Mobile

Mobiistar Shuts Down India Operations Within A Year, Employees Quit And Debts Ensues: Report

Written By Tech Desk | Mumbai | Published:

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  • Vietnamese smartphone brand Mobiistar has reportedly pulled the plug on its Indian operations within a year
  • Mobiistar reportedly started facing trouble in India after its sole manufacturing partner Vsun stopped all its production in the country

Apparently, India's overcrowded smartphone market, which is dominated by Chinese smartphone brands like Xiaomi, Oppo and Vivo among others, has not been as lucrative for the new players. Months after Chinese smartphone brand Gionee filed for bankruptcy and discontinued its operations, Vietnamese smartphone brand Mobiistar has reportedly pulled the plug on its Indian operations within a year.

According to a news report, Mobiistar started facing trouble in India after its sole manufacturing partner Vsun stopped all its production in the country following bankruptcy in China that badly affected the company's supply chain.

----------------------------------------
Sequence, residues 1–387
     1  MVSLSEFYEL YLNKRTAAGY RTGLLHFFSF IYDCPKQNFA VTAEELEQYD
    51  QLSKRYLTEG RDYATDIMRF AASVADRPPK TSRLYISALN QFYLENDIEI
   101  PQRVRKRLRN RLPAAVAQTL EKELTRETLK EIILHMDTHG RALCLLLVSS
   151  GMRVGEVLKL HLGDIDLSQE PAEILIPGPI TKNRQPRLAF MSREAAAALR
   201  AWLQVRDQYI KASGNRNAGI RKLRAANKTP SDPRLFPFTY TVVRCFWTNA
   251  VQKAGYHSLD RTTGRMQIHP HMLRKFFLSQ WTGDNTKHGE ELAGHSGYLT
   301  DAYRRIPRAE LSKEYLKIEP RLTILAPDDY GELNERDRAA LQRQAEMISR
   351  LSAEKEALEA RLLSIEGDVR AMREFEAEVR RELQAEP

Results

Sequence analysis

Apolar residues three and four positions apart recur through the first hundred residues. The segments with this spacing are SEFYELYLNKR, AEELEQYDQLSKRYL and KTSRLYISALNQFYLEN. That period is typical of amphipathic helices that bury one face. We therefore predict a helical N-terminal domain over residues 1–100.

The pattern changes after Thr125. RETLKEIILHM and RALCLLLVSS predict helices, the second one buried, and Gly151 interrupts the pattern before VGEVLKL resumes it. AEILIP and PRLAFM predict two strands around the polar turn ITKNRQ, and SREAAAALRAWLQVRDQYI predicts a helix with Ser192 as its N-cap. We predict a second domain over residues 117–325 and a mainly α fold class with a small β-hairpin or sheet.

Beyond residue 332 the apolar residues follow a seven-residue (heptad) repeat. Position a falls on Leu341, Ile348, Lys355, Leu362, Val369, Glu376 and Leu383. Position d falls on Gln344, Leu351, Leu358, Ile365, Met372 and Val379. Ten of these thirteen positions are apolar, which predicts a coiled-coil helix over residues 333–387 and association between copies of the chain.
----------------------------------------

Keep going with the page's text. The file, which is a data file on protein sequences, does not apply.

LinkedIn data suggests that Mobiistar India's workforce is at 186 and the majority of its employees, including Group CEO Carl Ngo and CFO Ajay Dua, have left the company. Ngo even went back to Vietnam without providing any update to Indian partners regarding the company's operations, as per the report.

READ | Gionee founder loses a million-dollar bet in a casino, company files for bankruptcy

Mobiistar's former CFO Ajay Dua confirmed to the publication that there were problems at the company and Ngo was in negotiations with various investors in India and Vietnam to raise funds and revive supply operations in India after Vsun backed out.

Mobiistar forayed into the Indian market in May 2018. The company solely relied on Vsun for manufacturing of its smartphones. Last month, Vsun entered bankruptcy and sacked all its employees. Experts believe India's smartphone market is expected to witness more such exits than entries from small-scale brands in the coming months.

Last year, Gionee entered bankruptcy after failing to clear dues worth 20.2 billion yuan (roughly $3 billion) to 648 creditors, half of which are banks. Recently, a Chinese court reportedly ordered Gionee's patents to be sold off to pay its debts. Trouble for Gionee worsened after the company's chairman Liu Lirong reportedly lost a 1 billion yuan (roughly $144 million) bet in a casino. Liu had reportedly borrowed company funds to gamble.

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